COLUMBIA, Tenn. (AP) — Teacher Tad Cummins took guns, money and his wife’s car before kidnapping a 15-year-old female student and taking her on a 2,500-mile cross-country journey that ended Thursday, court records show.
He had just been suspended from teaching and police were zeroing in on him, questioning his relationship with the girl.
After taking out a loan for $4,500, the records say, the teacher took the money and two handguns and wrote a note to his wife saying he needed to go to Virginia Beach or the D.C. area to clear his head.
But instead of going to the beach, police say he picked up the student in Columbia, Tennessee, in his wife’s white Nissan Rogue on the morning of March 13, setting in motion a six-week police manhunt.
“It is believed based on the investigation to date, as set forth herein, that Cummins, age 50, and victim, age 15, are involved in a sexual relationship and traveled in interstate commerce to continue their relationship and to engage in unlawful sexual activity,” the criminal complaint against Cummins says.
Cummins, the federal complaint says, is charged with taking a minor across states lines to have sex.
The Associated Press is not naming the girl or her family members because she is an alleged victim of a sex crime.
Hotel companies alerted authorities that the two had checked in to motels in Oklahoma City and Guymon, Oklahoma, but they were gone by the time police got the tips, the complaint says.
Surveillance video from Wal-Mart stores in Oklahoma City and Guymon captured video of the student and teacher.
How they got to Cecilville, California, and why they went there remains a mystery to investigators.
The teacher, police say, surrendered Thursday to sheriff’s deputies outside a cabin in a remote northern area of the state after a tip was called into the Tennessee Bureau of Investigation that Cummins and the student had taken up residence there for about a week and a half.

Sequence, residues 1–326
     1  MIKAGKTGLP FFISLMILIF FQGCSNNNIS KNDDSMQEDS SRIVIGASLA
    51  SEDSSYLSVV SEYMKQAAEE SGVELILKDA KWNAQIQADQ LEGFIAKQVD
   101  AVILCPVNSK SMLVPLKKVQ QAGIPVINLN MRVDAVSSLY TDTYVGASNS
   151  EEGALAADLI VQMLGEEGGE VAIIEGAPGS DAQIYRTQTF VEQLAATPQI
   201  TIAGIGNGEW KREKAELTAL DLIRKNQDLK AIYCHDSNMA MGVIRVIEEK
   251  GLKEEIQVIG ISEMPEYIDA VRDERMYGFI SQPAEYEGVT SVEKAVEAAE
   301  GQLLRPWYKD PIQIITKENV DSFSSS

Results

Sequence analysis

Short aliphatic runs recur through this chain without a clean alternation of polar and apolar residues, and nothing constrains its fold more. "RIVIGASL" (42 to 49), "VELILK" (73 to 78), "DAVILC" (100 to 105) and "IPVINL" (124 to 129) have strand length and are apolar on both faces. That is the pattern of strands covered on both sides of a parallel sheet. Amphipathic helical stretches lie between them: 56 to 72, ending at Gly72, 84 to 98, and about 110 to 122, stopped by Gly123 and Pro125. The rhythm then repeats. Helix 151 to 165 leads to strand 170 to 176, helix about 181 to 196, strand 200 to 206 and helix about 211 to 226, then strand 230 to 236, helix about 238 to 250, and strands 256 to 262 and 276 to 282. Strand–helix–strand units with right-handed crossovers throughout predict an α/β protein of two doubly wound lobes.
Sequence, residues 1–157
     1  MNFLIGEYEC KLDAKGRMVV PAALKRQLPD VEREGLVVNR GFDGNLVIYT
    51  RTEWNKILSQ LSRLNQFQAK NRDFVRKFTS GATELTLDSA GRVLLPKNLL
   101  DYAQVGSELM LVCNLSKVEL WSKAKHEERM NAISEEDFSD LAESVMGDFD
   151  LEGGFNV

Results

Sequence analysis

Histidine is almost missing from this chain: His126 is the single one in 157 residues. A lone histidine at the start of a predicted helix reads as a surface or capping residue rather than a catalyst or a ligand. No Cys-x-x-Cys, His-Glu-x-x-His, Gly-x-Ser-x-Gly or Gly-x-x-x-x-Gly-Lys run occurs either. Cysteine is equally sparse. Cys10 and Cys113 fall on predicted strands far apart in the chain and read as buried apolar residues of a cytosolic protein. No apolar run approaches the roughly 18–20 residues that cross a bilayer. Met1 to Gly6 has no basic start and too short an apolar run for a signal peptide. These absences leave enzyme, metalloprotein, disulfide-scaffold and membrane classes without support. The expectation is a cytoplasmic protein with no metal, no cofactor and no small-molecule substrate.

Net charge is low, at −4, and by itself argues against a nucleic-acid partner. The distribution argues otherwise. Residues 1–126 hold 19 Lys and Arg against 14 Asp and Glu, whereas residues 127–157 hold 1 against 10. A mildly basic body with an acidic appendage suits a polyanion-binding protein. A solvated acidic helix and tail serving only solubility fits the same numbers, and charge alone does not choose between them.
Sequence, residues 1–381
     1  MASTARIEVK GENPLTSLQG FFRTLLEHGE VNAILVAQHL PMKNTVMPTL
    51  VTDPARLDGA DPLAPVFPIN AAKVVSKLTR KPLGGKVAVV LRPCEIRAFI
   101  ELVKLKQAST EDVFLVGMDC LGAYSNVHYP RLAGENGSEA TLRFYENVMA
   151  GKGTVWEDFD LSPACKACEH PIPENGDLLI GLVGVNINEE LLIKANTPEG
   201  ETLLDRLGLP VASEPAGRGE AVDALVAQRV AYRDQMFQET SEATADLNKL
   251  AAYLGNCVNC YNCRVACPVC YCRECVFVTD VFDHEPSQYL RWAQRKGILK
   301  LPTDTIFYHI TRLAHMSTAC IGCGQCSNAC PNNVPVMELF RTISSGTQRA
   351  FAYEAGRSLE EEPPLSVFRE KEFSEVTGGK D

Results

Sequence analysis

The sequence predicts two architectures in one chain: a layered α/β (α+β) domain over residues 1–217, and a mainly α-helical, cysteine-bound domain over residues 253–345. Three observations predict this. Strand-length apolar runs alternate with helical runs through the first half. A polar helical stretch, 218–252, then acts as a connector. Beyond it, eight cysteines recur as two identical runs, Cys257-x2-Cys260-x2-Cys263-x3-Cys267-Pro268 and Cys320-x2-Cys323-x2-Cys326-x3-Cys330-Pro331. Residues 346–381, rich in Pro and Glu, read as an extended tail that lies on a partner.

The girl was apparently healthy and unharmed, and authorities said their main concern was her emotional and mental state.
“The family is absolutely elated beyond words that this part of the ordeal is coming to an end,” Jason Whatley, an attorney for the girl’s family said Thursday evening. “We’re anxiously awaiting word on her condition.”
A TBI plane is supposed to fly the girl back home.
Cummins faces state charges of aggravated kidnapping and sexual contact with a minor as well as the federal charges. If convicted of the federal charge, he faces at least 10 years in prison, acting U.S. Attorney Jack Smith said.
The pair’s disappearance March 13 came after Cummins was investigated by the school system when another student reported seeing the then-married teacher kiss the girl at the Culleoka Unit School. Culleoka is about 60 miles (100 kilometers) south of Nashville near the Alabama state line.
The school’s investigative files provided to the AP by the attorney show that both Cummins and the girl denied kissing. The teacher, however, acknowledged that the girl was “a really good friend and she does leave her other classes to come see him when she needs someone to calm her down,” according to a school report dated Jan. 30.
The report recommended that the girl be taken out of Cummins’ class and that he be reprimanded to uphold his professional responsibility. The report also recommended that the administration monitor Cummins’ classroom to make sure students weren’t there when they weren’t supposed to be.
Cummins was fired about a month after being suspended — a day after the TBI issued an Amber Alert about the teen.
The teacher’s wife of 31 years has filed for divorce. Court records show that Jill Cummins sued her then-missing husband on the grounds of irreconcilable differences and inappropriate marital conduct. The wife, who works for the Maury County school system, said she had not seen her husband since March 13. The couple has two children together.
Associated Press writer Kristin Bender in San Francisco contributed to this report.
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